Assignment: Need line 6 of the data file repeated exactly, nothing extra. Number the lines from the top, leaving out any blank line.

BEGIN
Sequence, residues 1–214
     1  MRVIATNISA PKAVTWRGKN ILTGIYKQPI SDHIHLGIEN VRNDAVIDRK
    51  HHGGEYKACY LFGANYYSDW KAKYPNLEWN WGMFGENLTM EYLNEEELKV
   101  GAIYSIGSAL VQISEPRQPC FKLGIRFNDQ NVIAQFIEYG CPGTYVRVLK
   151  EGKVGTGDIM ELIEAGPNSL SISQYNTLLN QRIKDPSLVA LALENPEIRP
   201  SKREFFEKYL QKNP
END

   201  SKREFFEKYL QKNP